Unity #1 (Valiant) Review

Valiant starts bringing their superhero universe together with the first issue of Unity and we have a spoiler-free review for you!

Older comic fans may remember the original Valiant superhero universe, and the epic crossover known as Unity. So when the new Valiant announced a new Unity #1, the natural assumption was that this would be the first multi-title crossover in their superhero line. It makes sense, doesn’t it? Valiant publishes superhero books, and what do superhero books do? They cross over! Oh, how wrong we were! 

Unity #1 functions as both a team-up book (kinda) and an introduction to the Valiant Universe. If you haven’t been reading Valiant comics, they make it awfully hard to keep your excuses up. Their books are mostly self-contained, they offer plenty of easy jumping-on points for new readers, and the collected editions are reasonably priced. Unity #1 isn’t quite as accessible as some of their other recent first issue offerings like Quantum & Woody #1 or Eternal Warrior #1, but it’s no harder to follow (and introduces no more characters and story beats) than your average dramatic television pilot.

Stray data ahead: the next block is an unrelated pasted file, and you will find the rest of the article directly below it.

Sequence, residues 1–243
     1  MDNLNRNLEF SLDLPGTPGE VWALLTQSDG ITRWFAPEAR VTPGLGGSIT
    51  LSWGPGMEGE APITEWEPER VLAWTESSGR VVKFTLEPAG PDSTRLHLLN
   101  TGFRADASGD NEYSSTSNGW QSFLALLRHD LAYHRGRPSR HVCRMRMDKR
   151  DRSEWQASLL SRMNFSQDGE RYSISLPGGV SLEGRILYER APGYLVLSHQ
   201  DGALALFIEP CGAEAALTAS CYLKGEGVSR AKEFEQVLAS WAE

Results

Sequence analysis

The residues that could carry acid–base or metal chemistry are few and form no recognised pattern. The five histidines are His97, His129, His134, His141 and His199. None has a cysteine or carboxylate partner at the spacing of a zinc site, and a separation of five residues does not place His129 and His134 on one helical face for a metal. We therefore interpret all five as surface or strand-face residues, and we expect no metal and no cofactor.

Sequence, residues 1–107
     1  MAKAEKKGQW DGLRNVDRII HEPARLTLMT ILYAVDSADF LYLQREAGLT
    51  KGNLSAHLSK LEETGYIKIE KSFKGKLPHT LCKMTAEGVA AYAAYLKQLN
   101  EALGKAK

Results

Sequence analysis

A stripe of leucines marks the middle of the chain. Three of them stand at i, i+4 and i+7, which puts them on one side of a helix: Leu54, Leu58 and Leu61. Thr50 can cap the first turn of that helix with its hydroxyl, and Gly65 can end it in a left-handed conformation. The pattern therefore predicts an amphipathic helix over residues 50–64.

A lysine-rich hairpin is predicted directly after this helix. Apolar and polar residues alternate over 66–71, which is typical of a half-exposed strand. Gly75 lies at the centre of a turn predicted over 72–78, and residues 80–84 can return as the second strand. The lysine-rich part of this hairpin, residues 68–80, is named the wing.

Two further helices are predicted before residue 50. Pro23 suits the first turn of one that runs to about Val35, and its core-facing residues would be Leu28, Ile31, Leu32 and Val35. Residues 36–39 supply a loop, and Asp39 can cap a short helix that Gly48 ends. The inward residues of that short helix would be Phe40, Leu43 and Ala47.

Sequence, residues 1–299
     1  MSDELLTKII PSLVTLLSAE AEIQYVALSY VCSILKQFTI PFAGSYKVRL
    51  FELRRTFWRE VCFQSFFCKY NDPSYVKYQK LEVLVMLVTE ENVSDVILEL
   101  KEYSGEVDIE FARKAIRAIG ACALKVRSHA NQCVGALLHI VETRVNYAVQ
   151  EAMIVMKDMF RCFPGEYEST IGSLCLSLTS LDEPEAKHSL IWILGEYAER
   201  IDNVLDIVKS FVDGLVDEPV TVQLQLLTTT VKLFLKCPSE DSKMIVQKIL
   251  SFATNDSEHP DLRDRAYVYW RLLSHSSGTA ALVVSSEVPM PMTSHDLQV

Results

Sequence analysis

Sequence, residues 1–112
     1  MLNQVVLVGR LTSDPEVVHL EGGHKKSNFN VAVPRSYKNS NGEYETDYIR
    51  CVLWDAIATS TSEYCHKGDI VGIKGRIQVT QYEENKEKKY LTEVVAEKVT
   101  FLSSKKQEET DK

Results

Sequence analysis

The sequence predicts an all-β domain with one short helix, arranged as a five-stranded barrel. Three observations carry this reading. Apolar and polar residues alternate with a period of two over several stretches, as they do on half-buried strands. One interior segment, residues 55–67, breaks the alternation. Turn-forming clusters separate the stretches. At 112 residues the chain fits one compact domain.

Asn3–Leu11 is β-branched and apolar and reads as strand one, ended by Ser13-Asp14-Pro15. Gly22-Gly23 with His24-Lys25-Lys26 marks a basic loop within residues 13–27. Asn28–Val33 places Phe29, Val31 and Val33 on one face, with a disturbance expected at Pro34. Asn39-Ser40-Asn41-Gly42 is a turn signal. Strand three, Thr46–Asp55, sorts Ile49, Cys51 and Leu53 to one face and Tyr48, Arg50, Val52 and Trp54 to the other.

What’s up with Unity? Aric (the wearer of the X-0 Manowar armor) has decided to reclaim his ancestral home of Dacia (currently Romania). Needless to say, the rest of the world doesn’t take all that kindly to this, and the story opens with Russia more or less declaring war on Aric. It doesn’t take long for the action to start in Unity #1, and all the necessary exposition is dispensed with in that first page.

In short order we’re introduced to Toyo Harada, Gilad (the Eternal Warrior), Ninjak, and a team known as Unity who are such obvious cannon-fodder that I won’t even post a spoiler warning about it. If this sounds unremarkable, I assure you, it’s not. For such an overstuffed first issue, it’s compelling and brisk, despite being so densely packed with characters and information. The credit here goes to both writer Matt Kindt and series artist Doug Braithwaite for keeping things moving, giving everyone a voice (Ninjak and Eternal Warrior come off exceptionally well) and making everything clear.

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It’s saying something when you can have this much action and set-up in a first issue and still have it be this entertaining. It’s going to take a little time, I suspect, before we see the “real” Unity show up on the page, but that’s alright. If any of the concepts you see here appeal to you, you’re probably safe to check out books like Eternal WarriorX-0 Manowar, or Harbinger. But if you’re short on widescreen superhero team action (without any actual capes), Unity will do you just fine!

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3.5 out of 5